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Re: Need help ID this Jaboticaba?
« Reply #15 on: September 16, 2020, 08:32:10 AM »
https://www.isons.com/product-category/muscadines/self-fertile-varieties/#:~:text=Self-fertile%20muscadine%20varieties%20do%20not%20cross%20pollination%20and,you%20must%20have%20a%20self-fertile%20within%2050%20feet.
This should help
Basically you need a self pollinating one and a female one....females produce larger fruits that have a great taste but need a self pollinating one to set fruit...I assume you are not going to start a vineyard?
« Last Edit: September 16, 2020, 08:33:43 AM by Jaboticaba45 »
-Ryan

W.

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Re: Need help ID this Jaboticaba?
« Reply #16 on: September 16, 2020, 11:40:39 AM »
I would buy from Ison's. They are considered the gold standard among Southeastern nurseries when it comes to fruiting plants, especially muscadines. They do not have every variety but have plenty of selection for all but the most diehard muscadine growers.

However, I would germinate the seeds you have first to see if muscadines will grow in Los Angeles. That way, you are not wasting money on plants that shrivel up and die. If you have success with those seeds, then go on a muscadine buying spree.

pinkturtle

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Re: Need help ID this Jaboticaba?
« Reply #17 on: September 17, 2020, 01:35:42 AM »
Thanks Jaboticaba45 and W.  After did a little bit of searching online, there is a person grow muscadines here locally.  I am planning to purchase the vines and I am a newbie.  Any recommendation of which varieties are the best?  Should I order one male and female for pollination?

Thanks,
Al

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Re: Need help ID this Jaboticaba?
« Reply #18 on: September 17, 2020, 09:59:10 AM »
There are self pollinating ones and females. Females need a self pollinating one to set fruit. Self pollinatiing ones will set fruits by themselves, but the fruit will be small.
-Ryan

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Re: Need help ID this Jaboticaba?
« Reply #19 on: September 17, 2020, 01:07:51 PM »
Muscadine grape,

Unlike a jaboticaba, the skin is edible. Whether you eat it or not depends on your tolerance for sourness. Skin sourness is lessened in perfectly ripe fruits, but I eat them skin and all regardless. The skin is where all the good chemicals with health benefits are located.

They can handle the same amount of heat and far more cold than your average jaboticaba, and far more heat but less cold than European grape varieties. I am not sure whether they can handle Los Angeles's dry conditions, but you could experiment with them inexpensively by scarifying, cold stratifying, and planting the seeds.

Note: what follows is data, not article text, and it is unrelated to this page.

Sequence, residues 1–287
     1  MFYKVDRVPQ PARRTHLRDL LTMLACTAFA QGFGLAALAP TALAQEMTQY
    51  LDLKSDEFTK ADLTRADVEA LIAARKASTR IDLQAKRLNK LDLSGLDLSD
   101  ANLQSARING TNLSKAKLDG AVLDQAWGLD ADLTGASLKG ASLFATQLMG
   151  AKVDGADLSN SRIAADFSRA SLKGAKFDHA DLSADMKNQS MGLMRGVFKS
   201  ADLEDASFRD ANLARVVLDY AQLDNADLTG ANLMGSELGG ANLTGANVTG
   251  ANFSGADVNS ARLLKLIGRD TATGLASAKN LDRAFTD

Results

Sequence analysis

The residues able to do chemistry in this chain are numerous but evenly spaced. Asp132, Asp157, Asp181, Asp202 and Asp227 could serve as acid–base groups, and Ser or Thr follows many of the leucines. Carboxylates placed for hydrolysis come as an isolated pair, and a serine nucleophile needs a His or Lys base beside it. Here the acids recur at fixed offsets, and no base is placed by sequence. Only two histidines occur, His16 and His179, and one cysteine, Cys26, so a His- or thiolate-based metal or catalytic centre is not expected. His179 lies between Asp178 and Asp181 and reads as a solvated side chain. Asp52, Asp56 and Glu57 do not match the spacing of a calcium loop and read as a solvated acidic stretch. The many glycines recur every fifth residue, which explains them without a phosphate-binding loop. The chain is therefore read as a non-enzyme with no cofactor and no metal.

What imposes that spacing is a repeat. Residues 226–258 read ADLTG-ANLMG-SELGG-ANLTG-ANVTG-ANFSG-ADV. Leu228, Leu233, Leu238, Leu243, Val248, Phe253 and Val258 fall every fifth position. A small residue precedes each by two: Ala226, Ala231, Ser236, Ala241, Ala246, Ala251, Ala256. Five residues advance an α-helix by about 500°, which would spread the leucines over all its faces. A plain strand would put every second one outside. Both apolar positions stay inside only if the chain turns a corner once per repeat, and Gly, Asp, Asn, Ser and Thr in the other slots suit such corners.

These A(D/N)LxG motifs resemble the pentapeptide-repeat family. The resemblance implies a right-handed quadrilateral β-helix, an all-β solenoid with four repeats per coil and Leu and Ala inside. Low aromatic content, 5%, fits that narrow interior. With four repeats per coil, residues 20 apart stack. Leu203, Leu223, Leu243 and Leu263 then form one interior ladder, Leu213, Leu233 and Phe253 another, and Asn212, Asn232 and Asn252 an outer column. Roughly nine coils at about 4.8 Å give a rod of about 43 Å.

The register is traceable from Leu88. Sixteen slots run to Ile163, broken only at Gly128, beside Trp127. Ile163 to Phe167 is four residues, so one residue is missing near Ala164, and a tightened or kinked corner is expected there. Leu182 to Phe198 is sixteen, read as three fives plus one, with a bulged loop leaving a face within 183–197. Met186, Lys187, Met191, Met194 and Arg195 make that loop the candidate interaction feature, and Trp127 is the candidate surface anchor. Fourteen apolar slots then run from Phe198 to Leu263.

Reservoltol the chemical in the skins that is good for the heart, preventing heart Disease
 and found concentrated in the wine it is way higher in Muscadine grapes
(On this next statement do not quote me but I believe like over 50% more so)


They have a Muscadine wine made already  in Napa Valley
I am not sure If I can find the muscadine reward wine, (I cannot get in google groups) but

https://www.vivino.com/wineries/spiriterra



Francis_Eric

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Re: Need help ID this Jaboticaba?
« Reply #20 on: September 17, 2020, 01:42:13 PM »
Remember you cannot graft Normal wild Muscadine onto other grape vines
So seeds are not a bad idea even if you plan to grow named grapes
 (without buying from a Nursery I know the laws are strict in CA)

When I mentioned reward
Wine growers thin the grapes for wine
this concentrates the flavors
so cheap wine higher yield
 irrigated crops more wine lower value.



Would knowing of other wild grapes interest you maybe in your area?
 have already pre wrote something, I do actually in IL. sometimes .
but do not know your area as well  to help you .

Francis_Eric

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Re: Need help ID this Jaboticaba?
« Reply #21 on: September 17, 2020, 02:26:39 PM »
About that Muscadine gold (and a silver) What A pain to find online
 like they are trying to hid the fact muscadine could wine
even searching these key words .

Anyways Saw it on their Face book

Spiriterra's 2014 Muscadine Rose wins Gold (97 points!) at the Press Democrat 2017 North Coast Wine Challenge.

http://www.enofileonline.com/catawards.aspx?compID=296

I thought you Muscadine people would get a Laugh out of it,
 in Critical  California wine country but wanted to offer proof ..
(edit My emails of this gold award are from 2016 so they must of won more awards since it is 2017 in the link above.)
Think I'm going to listen to Charlie Daniels Now,
« Last Edit: September 17, 2020, 02:31:13 PM by Francis_Eric »

pinkturtle

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Re: Need help ID this Jaboticaba?
« Reply #22 on: September 17, 2020, 11:26:14 PM »
Hi Francis,

"without buying from a Nursery I know the laws are strict in CA". 

Is that true?  I never heard that CA is strict nursery selling grape.

Thanks,
Al

pinkturtle

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Re: Need help ID this Jaboticaba?
« Reply #23 on: October 19, 2020, 11:12:32 PM »
I purchased the Lane and Paulk Muscadine vines, and Concord seedless grapes vine  from Ison today.  Are they good enough for starter?  I really want the Fry seedless one, but they ran out.

« Last Edit: October 19, 2020, 11:19:15 PM by pinkturtle »

Jaboticaba45

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Re: Need help ID this Jaboticaba?
« Reply #24 on: October 20, 2020, 12:03:42 PM »
I purchased the Lane and Paulk Muscadine vines, and Concord seedless grapes vine  from Ison today.  Are they good enough for starter?  I really want the Fry seedless one, but they ran out.
When I was at Ison's I asked about the seedless one and they didn't reccomend it. I picked up about 10 plants there, but have not had a chance to set up the vineard so they are just sitting out on my driveway ;D . I could send you some cuttings of the plants, but most of them are patented varieties and it is too late in season this year. Since the varieties you got are self fertile, there will be no issue with fruit set although females generally produce bigger fruits.
-Ryan